Aug 30, 2017

Japan to stipulate Ainu as "indigenous people" in new law: sources

TOKYO - The Japanese government is likely to stipulate for the first time in law that the Ainu are an "indigenous people" of the nation, sources familiar with the matter said Monday.

Putting the word "indigenous people" in law would be an additional step by the government to clarify its stance on the people, as it issued a statement in 2008 recognizing the Ainu as an "indigenous people that have their own language, religious and cultural identity."

According to the sources, the reference is likely to be made in a new law the government is considering, aimed at bettering the living standards and education of the Ainu.

The Ainu people have lived for centuries on Japan's northernmost main island of Hokkaido and nearby areas including Sakhalin and the Kuril Islands.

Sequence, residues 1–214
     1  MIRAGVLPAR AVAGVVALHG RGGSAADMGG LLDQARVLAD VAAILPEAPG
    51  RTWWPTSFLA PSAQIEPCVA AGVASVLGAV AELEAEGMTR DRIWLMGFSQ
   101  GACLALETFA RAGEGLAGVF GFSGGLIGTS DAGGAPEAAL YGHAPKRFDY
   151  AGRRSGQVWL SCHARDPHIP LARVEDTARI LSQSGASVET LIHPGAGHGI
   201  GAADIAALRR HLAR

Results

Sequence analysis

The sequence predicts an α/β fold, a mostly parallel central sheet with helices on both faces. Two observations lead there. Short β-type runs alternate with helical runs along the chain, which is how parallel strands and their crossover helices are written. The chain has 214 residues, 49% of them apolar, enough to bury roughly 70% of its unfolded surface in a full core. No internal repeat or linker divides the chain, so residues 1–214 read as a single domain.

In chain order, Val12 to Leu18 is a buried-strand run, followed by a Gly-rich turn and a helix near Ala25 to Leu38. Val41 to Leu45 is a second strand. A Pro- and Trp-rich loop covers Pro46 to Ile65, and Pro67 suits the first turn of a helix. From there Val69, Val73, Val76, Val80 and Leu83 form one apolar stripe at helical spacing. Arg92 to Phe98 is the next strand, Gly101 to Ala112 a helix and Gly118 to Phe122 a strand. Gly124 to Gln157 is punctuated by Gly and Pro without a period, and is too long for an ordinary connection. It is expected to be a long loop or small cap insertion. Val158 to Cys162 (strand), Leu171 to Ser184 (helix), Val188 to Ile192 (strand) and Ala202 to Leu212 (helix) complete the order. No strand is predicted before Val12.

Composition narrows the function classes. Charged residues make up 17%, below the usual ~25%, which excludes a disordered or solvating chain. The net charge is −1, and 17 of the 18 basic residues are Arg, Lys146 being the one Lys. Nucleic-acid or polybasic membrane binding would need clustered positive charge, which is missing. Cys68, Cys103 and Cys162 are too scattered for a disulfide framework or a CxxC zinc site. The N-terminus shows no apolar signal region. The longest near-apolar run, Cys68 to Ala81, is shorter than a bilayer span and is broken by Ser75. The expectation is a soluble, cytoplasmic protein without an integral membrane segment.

They have struggled to pass down their language and culture after the Japanese government implemented an assimilation policy beginning in the Meiji era (1868-1912) as Japan was modernizing itself.

In 1997, a law was enacted aimed at preserving Ainu culture and guaranteeing their human rights, about 100 years after the government introduced the assimilation policy.

It was the nation's first legislation acknowledging the existence of an ethnic minority in Japan, but it stopped short of saying that the Ainu are an indigenous people.

In 2007, the United Nations General Assembly adopted a declaration on the rights of indigenous peoples, asking each country to take legislative steps to protect their rights. Japan was among the countries that supported the declaration.

In addition to the new Ainu law, the government is also planning to open facilities to promote Ainu culture in Hokkaido in 2020, when Tokyo hosts the Olympic and Paralympic Games.

In the past, politicians made remarks drawing flak from the Ainu, including those of then Prime Minister Yasuhiro Nakasone in 1986 that "Japan is a homogeneous nation."




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